Beech Mountain was once a remote outpost of Appalachia, then the skiers and Grover Robbins discovered it.  According to the town’s website,,  Beech Mountain is “Eastern America's tallest town and home to the South's favorite winter ski resort Ski Beech. The Town of Beech Mountain was incorporated in May of 1981. It began as a private resort development in the mid 1960's by Grover and Harry Robbins, of Blowing Rock, NC. The original plan was for Beech Mountain to be an ideal second home for owners to escape the pressures of everyday life and enjoy various summer and winter sports. Twenty-five years later, mission accomplished. Beech is North Carolina's gem with a year-round atmosphere appealing to all ages and walks of life.”  That description is great, but it doesn’t tell you about Grover Robbins’ last great project.  Robbins built the “Land of Oz” on Beech Mountain – seriously, the Land of Oz from “The Wizard of Oz”!  It was an amusement park, but so much more; Oz was truly recreated high atop the Southern Appalachians.  You walked into a Kansas farmhouse, experience a simulated tornado and emerged in Oz, on top of a witch, surrounded by singing munchkins.  You joined Dorothy, Toto, Scarecrow, Tin Man and the Cowardly Lion and followed the Yellow Brick Road though talking trees, fields of poppies and singing mushrooms to the Emerald City.  You were attacked by the Wicked Witch of the West and her flying monkeys, but the Wizard saved the day.  There were rides and carnival foods and a few privileged folks like myself, who got to experience it as a kids will never, ever forget it.  Grover Robbins was buried at the Land of Oz.  Like Robbins himself, The Land of Oz was just a bit before its time.   Beech Mountain is now a thriving resort town – modern seasonal homes mix with the alpine style village built in the 1960s and 70s.  It is a great place to visit and a better place to live…. Somewhere Over the Rainbow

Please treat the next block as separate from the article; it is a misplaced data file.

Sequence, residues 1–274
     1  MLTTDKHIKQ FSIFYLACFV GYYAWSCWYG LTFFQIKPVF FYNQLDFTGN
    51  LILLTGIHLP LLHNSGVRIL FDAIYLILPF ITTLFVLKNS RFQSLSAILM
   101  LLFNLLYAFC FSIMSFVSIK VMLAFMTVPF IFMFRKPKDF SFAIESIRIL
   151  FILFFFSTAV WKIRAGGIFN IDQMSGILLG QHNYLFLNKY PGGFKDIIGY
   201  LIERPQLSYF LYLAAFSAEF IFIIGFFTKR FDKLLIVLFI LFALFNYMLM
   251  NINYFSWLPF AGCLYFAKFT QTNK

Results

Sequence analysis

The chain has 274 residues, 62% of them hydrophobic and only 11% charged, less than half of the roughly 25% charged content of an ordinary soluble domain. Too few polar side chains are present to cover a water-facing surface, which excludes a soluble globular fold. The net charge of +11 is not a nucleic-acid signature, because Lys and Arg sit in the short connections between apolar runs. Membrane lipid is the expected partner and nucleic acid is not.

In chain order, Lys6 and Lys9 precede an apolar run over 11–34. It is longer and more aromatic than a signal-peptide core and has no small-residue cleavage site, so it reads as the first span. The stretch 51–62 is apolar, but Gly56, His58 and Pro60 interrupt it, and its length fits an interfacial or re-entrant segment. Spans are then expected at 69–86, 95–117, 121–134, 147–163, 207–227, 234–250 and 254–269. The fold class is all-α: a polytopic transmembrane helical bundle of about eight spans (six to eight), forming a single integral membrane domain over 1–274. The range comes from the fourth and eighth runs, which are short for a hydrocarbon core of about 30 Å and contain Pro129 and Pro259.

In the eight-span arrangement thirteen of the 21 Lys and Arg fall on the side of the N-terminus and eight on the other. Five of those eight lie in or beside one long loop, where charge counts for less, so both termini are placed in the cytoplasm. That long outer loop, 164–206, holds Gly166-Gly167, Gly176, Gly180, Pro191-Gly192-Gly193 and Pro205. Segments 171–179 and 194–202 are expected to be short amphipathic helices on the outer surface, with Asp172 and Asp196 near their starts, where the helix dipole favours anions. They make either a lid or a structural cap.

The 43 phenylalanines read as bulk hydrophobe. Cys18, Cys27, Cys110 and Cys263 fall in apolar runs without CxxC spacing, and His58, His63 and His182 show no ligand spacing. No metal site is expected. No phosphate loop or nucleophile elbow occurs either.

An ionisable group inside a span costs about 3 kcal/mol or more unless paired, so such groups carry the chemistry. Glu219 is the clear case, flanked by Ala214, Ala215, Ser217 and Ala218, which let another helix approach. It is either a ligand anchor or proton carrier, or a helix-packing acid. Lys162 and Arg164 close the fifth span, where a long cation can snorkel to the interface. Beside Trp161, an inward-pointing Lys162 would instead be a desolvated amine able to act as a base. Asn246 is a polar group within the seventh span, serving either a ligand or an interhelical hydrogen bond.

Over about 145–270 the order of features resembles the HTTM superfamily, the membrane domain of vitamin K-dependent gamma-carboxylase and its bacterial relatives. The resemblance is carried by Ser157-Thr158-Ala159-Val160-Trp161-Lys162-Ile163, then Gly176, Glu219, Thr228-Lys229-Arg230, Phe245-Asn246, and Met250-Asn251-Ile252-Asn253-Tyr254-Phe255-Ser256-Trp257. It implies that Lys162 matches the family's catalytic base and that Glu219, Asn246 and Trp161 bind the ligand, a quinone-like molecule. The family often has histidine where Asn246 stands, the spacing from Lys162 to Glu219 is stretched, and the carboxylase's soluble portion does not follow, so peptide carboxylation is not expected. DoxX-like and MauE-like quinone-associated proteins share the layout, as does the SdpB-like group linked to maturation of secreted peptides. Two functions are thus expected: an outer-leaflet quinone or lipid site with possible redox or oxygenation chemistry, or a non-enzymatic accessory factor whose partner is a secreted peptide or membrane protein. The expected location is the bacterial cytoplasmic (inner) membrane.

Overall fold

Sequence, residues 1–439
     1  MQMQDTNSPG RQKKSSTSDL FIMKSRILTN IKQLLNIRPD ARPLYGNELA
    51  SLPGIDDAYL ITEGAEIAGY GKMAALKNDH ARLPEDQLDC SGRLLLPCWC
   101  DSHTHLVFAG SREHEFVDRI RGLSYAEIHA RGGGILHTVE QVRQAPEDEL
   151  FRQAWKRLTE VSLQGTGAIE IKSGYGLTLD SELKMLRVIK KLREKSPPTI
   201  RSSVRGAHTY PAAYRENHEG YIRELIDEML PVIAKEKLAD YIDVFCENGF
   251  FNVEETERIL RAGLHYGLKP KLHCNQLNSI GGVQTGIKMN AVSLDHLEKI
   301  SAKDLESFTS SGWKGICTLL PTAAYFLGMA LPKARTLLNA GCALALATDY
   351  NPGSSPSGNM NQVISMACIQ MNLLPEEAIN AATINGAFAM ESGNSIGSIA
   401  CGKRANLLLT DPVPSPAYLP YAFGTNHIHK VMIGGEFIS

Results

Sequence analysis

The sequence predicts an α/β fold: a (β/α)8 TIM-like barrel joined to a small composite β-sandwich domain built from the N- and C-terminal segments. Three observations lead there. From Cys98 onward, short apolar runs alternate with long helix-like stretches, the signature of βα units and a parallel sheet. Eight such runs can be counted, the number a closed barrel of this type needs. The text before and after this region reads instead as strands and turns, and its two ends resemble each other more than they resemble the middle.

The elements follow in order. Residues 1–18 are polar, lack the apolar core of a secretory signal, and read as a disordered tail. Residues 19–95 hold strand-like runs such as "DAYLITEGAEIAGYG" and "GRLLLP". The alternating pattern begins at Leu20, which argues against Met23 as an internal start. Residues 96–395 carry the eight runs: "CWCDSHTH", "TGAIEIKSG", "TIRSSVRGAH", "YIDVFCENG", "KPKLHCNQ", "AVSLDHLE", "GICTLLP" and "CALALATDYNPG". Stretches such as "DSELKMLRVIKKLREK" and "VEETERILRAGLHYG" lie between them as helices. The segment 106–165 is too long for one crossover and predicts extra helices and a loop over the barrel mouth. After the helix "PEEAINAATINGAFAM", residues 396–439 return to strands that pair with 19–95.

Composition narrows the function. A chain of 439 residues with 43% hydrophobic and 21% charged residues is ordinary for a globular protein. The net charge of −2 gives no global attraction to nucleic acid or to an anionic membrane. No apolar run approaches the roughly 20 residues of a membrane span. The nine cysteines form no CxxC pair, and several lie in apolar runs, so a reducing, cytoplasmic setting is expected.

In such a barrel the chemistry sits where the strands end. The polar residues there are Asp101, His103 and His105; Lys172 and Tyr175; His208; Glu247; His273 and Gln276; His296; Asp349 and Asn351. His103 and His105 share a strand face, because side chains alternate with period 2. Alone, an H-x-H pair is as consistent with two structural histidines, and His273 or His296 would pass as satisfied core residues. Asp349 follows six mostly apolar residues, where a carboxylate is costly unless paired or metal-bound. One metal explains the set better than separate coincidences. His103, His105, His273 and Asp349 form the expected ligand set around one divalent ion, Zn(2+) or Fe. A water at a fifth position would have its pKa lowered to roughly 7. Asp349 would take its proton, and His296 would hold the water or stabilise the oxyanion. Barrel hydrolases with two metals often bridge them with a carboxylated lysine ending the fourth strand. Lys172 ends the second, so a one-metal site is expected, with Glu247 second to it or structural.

An other route from Banner Elk takes you to Elk Valley and Elk Park.  Elk Valley is really, very nice – very exclusive – very expensive – very pretty, with its own landing strip and all the amenities.   Elk Park is a small Appalachian community on the Tennessee border.  The road from Elk Park leads back in to Newland, Linville, Pineola, etc.  (I’ll discuss Newland and Pineola under “Mayberries”, as the small mountain towns are particularly close to my heart).